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Parliamentarian Heorhiy Mazurashu, a member of the ruling Servant of People political party, in Facebook comments made later that evening claimed Danilov was spreading falsehoods: "What deceptive and lying government bureaucrats we have. Or, maybe, they are isolated or cut off from reality?"

Anna Derevianko, executive director of the European Business Association, said: "The European Business Association has long emphasized that the country urgently needs to adopt a clear and transparent procedure of booking of employees so that businesses can continue to operate, knowing that critical employees will not be mobilized.

"After all, everyone has to work on their own front to support the country. Yesterday, the procedure was signed by the Prime Minister, hence, it has to be launched soon and Business thank that the voice of the community was heard.

"As for almost half a year the procedure of booking of the employees didn’t work because it was almost impossible to get a mobilization task. Still, very important is the practical part and realization of the procedure, thus, we’ll monitor and inform about the situation."

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Yuriy Butusov, a high-profile Ukrainian war correspondent and frequent critic of inefficient Ukrainian government, said in Jan. 31 Vlog comments that Kyiv’s manpower policies are sloppy and acknowledged that draft-dodging by a significant minority of draft-subject men is chronic. 

"There are lots of possibilities to dodge the draft, and people use them. There are lawyers that specialize in helping a person to avoid his service obligation, without any extraordinary tactics, and of course also by means of corruption, people get that done. That’s always been the case. We need to understand that there are actual problems," Butusov said.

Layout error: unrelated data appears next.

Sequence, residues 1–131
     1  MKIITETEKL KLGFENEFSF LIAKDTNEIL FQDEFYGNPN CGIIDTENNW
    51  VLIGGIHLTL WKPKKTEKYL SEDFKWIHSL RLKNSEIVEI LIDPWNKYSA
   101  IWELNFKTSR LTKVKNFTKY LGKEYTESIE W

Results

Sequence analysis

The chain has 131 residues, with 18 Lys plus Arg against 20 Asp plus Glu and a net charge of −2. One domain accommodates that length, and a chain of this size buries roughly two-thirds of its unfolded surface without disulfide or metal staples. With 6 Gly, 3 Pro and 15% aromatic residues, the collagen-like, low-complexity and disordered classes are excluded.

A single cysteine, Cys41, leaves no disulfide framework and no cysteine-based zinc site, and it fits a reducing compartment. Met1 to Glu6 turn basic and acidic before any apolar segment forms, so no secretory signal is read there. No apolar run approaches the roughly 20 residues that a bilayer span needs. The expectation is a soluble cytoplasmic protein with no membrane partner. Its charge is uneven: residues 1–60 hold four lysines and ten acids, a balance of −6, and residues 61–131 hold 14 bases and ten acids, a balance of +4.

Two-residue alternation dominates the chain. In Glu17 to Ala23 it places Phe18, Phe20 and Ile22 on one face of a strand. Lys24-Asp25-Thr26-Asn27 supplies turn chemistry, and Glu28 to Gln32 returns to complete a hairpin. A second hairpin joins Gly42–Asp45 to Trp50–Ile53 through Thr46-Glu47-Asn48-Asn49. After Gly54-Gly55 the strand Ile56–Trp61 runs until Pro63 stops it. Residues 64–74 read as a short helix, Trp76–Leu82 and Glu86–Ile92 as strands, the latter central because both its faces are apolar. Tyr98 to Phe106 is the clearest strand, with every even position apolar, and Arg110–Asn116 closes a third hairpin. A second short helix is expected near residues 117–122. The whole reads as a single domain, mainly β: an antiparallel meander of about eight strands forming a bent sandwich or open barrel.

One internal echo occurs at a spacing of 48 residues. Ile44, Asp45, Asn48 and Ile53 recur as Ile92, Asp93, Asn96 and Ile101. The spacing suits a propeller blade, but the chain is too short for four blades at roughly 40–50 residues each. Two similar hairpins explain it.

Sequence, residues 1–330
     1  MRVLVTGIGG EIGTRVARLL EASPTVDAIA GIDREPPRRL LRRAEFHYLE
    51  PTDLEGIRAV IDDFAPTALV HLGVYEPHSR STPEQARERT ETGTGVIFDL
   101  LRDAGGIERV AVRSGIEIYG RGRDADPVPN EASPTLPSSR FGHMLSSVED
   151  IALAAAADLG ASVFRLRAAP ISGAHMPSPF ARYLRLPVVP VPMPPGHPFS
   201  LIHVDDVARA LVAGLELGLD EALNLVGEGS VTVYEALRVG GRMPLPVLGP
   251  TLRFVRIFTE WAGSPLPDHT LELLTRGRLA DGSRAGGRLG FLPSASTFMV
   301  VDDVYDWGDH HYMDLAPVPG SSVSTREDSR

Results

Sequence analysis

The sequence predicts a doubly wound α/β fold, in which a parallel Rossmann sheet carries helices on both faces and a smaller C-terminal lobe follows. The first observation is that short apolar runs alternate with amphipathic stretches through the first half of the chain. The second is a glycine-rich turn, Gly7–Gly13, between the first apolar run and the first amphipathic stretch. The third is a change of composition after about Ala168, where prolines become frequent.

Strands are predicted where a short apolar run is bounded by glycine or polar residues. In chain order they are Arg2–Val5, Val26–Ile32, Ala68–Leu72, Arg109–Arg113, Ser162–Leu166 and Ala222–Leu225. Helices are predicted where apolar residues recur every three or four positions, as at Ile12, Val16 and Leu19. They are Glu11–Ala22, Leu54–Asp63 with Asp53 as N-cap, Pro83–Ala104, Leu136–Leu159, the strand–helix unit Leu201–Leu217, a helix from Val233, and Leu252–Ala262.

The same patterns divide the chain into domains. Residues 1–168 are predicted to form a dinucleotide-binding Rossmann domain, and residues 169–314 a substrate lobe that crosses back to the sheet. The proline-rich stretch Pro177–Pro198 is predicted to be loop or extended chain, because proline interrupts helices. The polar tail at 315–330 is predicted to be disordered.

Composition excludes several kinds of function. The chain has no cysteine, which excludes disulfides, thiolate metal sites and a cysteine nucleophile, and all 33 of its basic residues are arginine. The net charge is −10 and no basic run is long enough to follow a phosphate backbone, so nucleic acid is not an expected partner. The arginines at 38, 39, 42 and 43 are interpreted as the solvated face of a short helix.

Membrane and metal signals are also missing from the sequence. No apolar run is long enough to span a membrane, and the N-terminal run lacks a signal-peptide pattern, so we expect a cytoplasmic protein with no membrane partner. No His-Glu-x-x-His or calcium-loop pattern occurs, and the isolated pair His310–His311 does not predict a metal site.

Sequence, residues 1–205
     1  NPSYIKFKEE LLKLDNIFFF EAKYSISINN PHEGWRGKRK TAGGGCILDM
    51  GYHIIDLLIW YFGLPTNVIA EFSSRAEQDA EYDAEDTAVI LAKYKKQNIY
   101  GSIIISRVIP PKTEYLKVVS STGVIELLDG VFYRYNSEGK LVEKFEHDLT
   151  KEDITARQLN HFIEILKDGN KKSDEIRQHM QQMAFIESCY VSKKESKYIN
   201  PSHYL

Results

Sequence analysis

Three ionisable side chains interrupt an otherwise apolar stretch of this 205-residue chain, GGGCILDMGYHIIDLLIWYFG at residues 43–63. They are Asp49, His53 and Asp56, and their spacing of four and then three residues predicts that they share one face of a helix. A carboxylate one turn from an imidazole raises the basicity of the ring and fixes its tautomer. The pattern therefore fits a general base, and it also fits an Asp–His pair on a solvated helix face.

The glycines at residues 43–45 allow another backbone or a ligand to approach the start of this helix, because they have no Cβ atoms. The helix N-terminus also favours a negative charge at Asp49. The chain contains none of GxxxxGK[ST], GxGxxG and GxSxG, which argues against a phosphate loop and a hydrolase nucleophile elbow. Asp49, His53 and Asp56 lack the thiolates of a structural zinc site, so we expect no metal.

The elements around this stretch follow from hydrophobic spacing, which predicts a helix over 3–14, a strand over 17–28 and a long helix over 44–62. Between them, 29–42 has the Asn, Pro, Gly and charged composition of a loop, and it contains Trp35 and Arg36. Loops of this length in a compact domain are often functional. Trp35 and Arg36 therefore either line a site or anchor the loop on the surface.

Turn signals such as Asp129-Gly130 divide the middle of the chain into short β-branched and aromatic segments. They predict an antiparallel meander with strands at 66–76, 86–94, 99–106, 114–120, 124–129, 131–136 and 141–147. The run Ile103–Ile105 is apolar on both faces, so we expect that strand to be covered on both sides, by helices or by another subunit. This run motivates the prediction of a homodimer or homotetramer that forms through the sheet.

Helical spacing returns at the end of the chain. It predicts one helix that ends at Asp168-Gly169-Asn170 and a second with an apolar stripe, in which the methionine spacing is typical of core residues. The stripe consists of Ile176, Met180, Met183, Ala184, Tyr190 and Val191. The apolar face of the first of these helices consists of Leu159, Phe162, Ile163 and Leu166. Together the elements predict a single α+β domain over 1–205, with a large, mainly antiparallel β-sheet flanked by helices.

Butusov called for the state to leave experienced technicians like automotive mechanics and power grid repairmen in their place of work, but to make them and their organizations directly subordinate to the military, to better support Ukraine’s war effort. He said the state needs to level with Ukrainians and make it clear that the entire nation, not just some men, must be mobilized to prevent the country from being destroyed by Russia.

"The state, unfortunately, is afraid to tell people the truth. It is afraid to say that every man who is suitable for military service could be called up," he said. "(We) have to participate in the defense of his country. That’s this year and in years to come. The better we prepare for this the more effective we will be."

Butusov stressed that a second mobilization wave is in progress in Russia, and their intent is to overwhelm Ukraine’s forces with numbers and that Ukrainians need to understand that this is a giant war and the entire country needs to organize itself for defense.

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A "massive number of people" is needed, both for front line fighting units and effective supply and support in the rear, Butusov added.

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Comments ( 1)

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Andy Bell
This comment contains spoilers. Click here if you want to read.

How do Ukrainians feel about those men who don’t want to fight